Oddly enough—or maybe not so odd, come to think of it—this kind of haphazard ‘do what you want and the magicks will deal with it’ vibe worked fine when I was 12-years-old. Although I do recall being a trifle disturbed by the violence even then; it’s so random, that’s what always got me. Stuff like a sequence in one story where the hero gets his head chopped off, but his loyal animals have a magic salve, but they’re in such a rush they put his head on backwards, so the lion tears his head off again and fixes it.


Nota bene, this isn’t the climax of the tale; this is a quick, pointless Whoops! moment.  In another of the Grimms’ tales, the brave adventurer gets ahold of an enchanted sword, which whenever he waves it and says ‘All heads off but mine!’... well, you get the picture.


Again, the people being punished in this way aren’t usually monsters; they’re just people who’re getting in the way of the ‘hero’. I guess it was a marginally more meaningful death than getting whacked in the head and tossed onto a cart pulled by Eric Idle, but not by much.


Given the expected childish logic at that tender age, I was bemused by a peculiar habit these heroes have of…walking off the job, is the best way I can describe it. They go on the adventure and rescue the princess—and then they leave, with no explanation. Sometimes they take tokens as proof before going—in one typical case, snagging a dainty slipper and a piece of silken coverlet right off the bed on which the beauty lies—but they never do anything with them until the princess gets all sad and vows to find her rescuer and years later the hero just happens to hear about it and oh, yup, I’m the guy you want, and here’s that thing I stole from you.


Does anybody else see anything wrong with this picture?


Mind, it wasn’t all bad for the fairer sex back then. In one tale, when a daughter is born, her 12 brothers are hidden by their mother to escape their father, who wanted them all dead so the little girl can have a larger dowry. Seriously, he had little coffins made, and the boys find them, that’s how they figure it out.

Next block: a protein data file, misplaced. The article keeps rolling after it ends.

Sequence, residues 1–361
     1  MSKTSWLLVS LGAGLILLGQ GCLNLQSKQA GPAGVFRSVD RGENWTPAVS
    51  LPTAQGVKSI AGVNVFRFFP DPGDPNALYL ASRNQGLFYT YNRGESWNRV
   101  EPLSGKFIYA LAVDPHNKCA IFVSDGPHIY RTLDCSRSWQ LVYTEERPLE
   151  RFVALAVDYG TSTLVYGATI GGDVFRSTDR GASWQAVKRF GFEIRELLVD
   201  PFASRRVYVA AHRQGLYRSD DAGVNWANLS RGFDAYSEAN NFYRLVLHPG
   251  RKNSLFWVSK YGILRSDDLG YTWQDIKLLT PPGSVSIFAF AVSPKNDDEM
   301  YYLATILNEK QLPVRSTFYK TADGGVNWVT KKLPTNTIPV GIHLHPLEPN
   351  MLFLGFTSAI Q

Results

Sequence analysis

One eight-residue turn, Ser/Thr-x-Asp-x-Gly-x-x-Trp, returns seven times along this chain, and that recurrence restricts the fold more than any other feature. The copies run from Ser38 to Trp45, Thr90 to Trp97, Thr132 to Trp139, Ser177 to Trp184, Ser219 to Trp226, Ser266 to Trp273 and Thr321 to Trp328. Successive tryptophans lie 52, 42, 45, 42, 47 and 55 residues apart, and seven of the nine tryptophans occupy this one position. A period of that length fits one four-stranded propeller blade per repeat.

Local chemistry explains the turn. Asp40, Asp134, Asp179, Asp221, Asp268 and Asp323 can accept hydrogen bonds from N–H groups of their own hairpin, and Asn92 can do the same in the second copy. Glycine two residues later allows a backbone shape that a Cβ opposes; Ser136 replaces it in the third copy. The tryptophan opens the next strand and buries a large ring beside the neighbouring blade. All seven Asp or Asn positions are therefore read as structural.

Finally, there’s the one story, ‘The Wild Swans’ in which the heroine’s 12 little brothers get changed into waterfowl, and in order to free them she is assigned a Test of Goodness in which she can’t speak until she finishes weaving 12 little shirts out of stinging nettles. In the meantime, though, she’s discovered by a King (always capitalised under these circs) and carted off to be his Queen. But mom-in-law is understandably a little suspicious of this mute nettle-knitting freak (who, as we’ll learn, keeps it up all the way to the gallows).


So she frames the Queen on charges of giving birth to a dog—still not making this up!—and the girl’s about to be hanged when hurray, her brothers fly to the rescue! She tosses the shirts over the swans, the spell is broken, and she can tell the King all about it. The mad mom-in-law is disposed of in typically gruesome fashion, and they all lived happily ever after. Yay!


...Except that the shirts weren’t quite finished. One was still missing a sleeve. So everybody’s OK, except the youngest, who still has a wing in place of a right arm.


Think about that for a sec; lord knows I did, when I was 12-years-old. That poor little dude is doomed to wear a wing for the rest of his life. We know this, because the Virgin Mary does not descend and say something like ‘In reward for your fidelity, I grant you this last wish’, and fix it all up, as is usual. It’s just…they just…


Well, I guess that story is better than the one where she gives birth to a hedgehog.